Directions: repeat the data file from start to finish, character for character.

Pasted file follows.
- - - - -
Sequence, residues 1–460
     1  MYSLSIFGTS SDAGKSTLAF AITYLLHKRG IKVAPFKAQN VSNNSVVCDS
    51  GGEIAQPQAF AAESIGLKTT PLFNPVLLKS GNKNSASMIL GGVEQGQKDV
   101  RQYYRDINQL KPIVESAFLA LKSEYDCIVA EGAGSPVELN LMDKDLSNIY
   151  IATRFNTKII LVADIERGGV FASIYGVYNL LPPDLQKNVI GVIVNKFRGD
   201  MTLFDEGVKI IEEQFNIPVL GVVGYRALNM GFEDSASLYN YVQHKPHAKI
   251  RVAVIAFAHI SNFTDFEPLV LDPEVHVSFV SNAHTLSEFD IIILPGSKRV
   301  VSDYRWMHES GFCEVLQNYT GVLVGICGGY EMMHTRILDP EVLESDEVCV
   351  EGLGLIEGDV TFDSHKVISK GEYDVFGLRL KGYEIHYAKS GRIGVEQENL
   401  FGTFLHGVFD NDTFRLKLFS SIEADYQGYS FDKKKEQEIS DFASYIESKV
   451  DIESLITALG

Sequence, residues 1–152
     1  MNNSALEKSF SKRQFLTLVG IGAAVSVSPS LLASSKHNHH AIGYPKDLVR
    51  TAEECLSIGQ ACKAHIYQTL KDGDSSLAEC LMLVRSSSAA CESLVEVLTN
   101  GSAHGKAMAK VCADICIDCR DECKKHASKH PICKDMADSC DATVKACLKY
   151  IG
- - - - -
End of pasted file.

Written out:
Sequence, residues 1–460
     1  MYSLSIFGTS SDAGKSTLAF AITYLLHKRG IKVAPFKAQN VSNNSVVCDS
    51  GGEIAQPQAF AAESIGLKTT PLFNPVLLKS GNKNSASMIL GGVEQGQKDV
   101  RQYYRDINQL KPIVESAFLA LKSEYDCIVA EGAGSPVELN LMDKDLSNIY
   151  IATRFNTKII LVADIERGGV FASIYGVYNL LPPDLQKNVI GVIVNKFRGD
   201  MTLFDEGVKI IEEQFNIPVL GVVGYRALNM GFEDSASLYN YVQHKPHAKI
   251  RVAVIAFAHI SNFTDFEPLV LDPEVHVSFV SNAHTLSEFD IIILPGSKRV
   301  VSDYRWMHES GFCEVLQNYT GVLVGICGGY EMMHTRILDP EVLESDEVCV
   351  EGLGLIEGDV TFDSHKVISK GEYDVFGLRL KGYEIHYAKS GRIGVEQENL
   401  FGTFLHGVFD NDTFRLKLFS SIEADYQGYS FDKKKEQEIS DFASYIESKV
   451  DIESLITALG

Sequence, residues 1–152
     1  MNNSALEKSF SKRQFLTLVG IGAAVSVSPS LLASSKHNHH AIGYPKDLVR
    51  TAEECLSIGQ ACKAHIYQTL KDGDSSLAEC LMLVRSSSAA CESLVEVLTN
   101  GSAHGKAMAK VCADICIDCR DECKKHASKH PICKDMADSC DATVKACLKY
   151  IG